ASRC Federal moves upstream with Vistronix acquisition
Arctic Slope Regional Corp., an Alaska Native Corporation, has made a major deal by acquiring Vistronix Intelligence & Technology Solutions, a company that in recent years was an active buyer itself.
The deal was spearheaded by ASRC Federal led by Mark Gray, president and CEO, and Vistronix will become a subsidiary of ASRC Federal.
Financial terms of the deal were not disclosed, but ASRC Federal is picking up 700 employees who are focused on analytics, signal processing, cloud computing and large-scale data management.
While Vistronix was founded in 1990 by Deepak Hathiramani, it wasn’t until 2013 that it really began to rev its acquisition engine. It closed three deals that year, and we named the company the top dealmaker of the year as part of our annual M&A special report.
In 2014, it also closed three deals, practically on the same day.
And earlier this year, Vistronix acquired the GSA Alliant contract held by TetraTech Inc.
Much of its acquisitions were focused on analytics, cyber and intelligence work.
One estimate places Vistronix’s revenue at between $150 million and $200 million annually.
For ASRC Federal, the deal is the second one for the company in 12 months. In November, ASRC Federal acquired Data Networks Corp., a provider of IT and program management services to the government.
The acquisition of Vistronix “expands our customer footprint in the intelligence community, and in key, select civilian and [Defense Department] markets, while strengthening discriminating capabilities in the areas of advanced analytics, signal intelligence, cybersecurity and large-scale data processing,” Gray said in a press release.
The deal is ASRC’s largest to date and brings it an established platform in the full-and-open segment of the market, said investment banker Bob Kipps with KippsDeSanto.
As an Alaska Native Corporation, ASRC can establish multiple 8(a) and other small business entities that can compete for setaside work, but Vistronix gives it substantial business that is not in the setaside world.
Vistronix also has higher end technical capabilities such as analytics and intelligence which you don’t typically see at ANC-owned companies, Kipps said.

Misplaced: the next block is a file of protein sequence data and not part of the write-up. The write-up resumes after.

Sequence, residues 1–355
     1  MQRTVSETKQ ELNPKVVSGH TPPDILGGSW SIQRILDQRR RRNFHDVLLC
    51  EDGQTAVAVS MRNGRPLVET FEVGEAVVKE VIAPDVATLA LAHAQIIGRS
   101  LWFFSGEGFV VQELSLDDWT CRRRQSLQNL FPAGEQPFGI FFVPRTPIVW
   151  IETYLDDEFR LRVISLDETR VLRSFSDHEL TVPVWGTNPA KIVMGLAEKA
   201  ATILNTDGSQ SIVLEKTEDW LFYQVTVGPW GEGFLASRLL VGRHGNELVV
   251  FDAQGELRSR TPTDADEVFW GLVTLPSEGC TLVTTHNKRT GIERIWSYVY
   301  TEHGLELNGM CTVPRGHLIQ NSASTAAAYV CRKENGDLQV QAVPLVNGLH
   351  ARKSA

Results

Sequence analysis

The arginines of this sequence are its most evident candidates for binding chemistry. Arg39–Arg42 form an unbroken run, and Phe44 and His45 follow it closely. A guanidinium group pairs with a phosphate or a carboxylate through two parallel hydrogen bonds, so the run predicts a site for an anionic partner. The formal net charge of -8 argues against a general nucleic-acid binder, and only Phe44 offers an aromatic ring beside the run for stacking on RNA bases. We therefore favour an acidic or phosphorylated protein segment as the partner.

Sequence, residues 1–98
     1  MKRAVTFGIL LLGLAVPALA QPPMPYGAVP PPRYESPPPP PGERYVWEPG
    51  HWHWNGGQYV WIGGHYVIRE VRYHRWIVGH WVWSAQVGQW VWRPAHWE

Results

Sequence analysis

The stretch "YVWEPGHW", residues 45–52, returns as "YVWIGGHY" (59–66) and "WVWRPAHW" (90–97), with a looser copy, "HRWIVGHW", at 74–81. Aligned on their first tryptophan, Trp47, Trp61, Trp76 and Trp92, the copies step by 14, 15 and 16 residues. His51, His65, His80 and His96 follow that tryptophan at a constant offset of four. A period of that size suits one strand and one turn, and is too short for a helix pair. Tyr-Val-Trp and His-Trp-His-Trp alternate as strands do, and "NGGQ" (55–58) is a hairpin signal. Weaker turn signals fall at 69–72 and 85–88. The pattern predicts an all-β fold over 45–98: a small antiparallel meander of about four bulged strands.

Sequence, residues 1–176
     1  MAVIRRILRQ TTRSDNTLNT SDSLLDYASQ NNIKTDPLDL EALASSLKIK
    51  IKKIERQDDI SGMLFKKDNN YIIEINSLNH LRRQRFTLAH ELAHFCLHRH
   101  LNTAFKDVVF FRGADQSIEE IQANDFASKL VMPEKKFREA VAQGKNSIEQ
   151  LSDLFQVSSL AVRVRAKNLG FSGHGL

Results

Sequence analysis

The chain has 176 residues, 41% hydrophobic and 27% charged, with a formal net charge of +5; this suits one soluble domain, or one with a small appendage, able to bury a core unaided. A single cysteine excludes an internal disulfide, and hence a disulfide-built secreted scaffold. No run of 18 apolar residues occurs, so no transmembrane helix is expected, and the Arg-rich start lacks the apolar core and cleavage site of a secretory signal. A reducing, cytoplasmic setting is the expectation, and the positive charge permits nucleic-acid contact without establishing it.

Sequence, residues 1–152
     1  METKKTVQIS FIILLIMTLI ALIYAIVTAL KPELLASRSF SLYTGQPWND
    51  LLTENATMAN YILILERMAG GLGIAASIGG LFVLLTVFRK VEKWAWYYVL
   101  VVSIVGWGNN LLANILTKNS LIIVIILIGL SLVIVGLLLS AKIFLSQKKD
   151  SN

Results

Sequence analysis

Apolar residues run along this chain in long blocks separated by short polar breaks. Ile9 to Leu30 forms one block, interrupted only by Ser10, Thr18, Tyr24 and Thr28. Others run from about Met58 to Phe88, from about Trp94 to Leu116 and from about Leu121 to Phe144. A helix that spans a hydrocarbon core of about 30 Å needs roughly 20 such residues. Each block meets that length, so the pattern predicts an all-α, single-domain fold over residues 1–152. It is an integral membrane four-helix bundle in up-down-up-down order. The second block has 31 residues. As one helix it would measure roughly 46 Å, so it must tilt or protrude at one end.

The buy diversifies ASRC’s business away from setasides, which should protect the company in the event small business rules governing ANC’s change in the future, Kipps said.
"They coveted Vistronix for their position at Fort Mead and other intelligence customers," said Philip McMann, a partner with the investment bank Aronson Capital Partners.
Vistronix also has been focused on higher growth areas of the markets such as software development and analytics work. "That was a real catalyst for the deal," McMann said.
From Vistronix perspective, ASRC was a good buyer because it generally doesn’t integrate its acquisitions and Vistronix itself hasn’t been aggressive about how it integrates the companies it has acquired.
Vistronix is still a “totem pole of acquisitions stacked on top of each other,” Kipps said.
Another, more traditional buyer would like want Vistronix to integrate its businesses before making a deal. “A lot of buyers want to see one company,” Kipps said.
Another challenge that Vistronix faced was that many of the companies it had acquired over the years still had substantial subcontracting work and some small business setaside work. That kind of exposure can scare off more traditional buyers, Kipps said. “This isn’t the kind of business a ManTech or a CACI would buy,” he said.
McMann said that Vistronix was moving its subcontracting and setaside work to prime and full-and-open contracts. "They were probably half way there and I think ASRC will help them with that process," he said.
"ASRC is a very good buyer in the market due to their versatility in how they can contract with the federal government in both set-aside and full and open procurements," said John Hagan with the investment bank Raymond James. "This makes them an ideal buyer for companies that may still have set-aside contract transition risk."
Being kept as a subsidiary also made ASRC an attactive buyer for Vistronix, because Vistronix employees will likely be spared the potential earthquake of being absorbed into an new entity and structure, Kipps said.
The one quote I was about to get from a Vistronix official before our phone connection broke down was that the company felt they couldn’t find a better fit. Kipps’ comments reinforced that statement.
In their statement, ASRC said that Vistronix would join the ASRC Federal “family of companies.” The ASRC Federal website lists 15 different companies that fall under three operating groups: Infrastructure, Logistics and Solutions; Engineering and Aerospace Solutions; and Information and Technical Solutions.
The Vistronix acquisition moves ASRC Federal up market into higher-end work, Kipps and McMann said.
"This fills a strategic gap for them," McMann said, adding that ASRC Federal has been an aggressive bidder on other potential acquisitions.
“It’s a great deal for them,” Kipps said.
Posted by Nick Wakeman on Aug 17, 2016 at 9:27 AM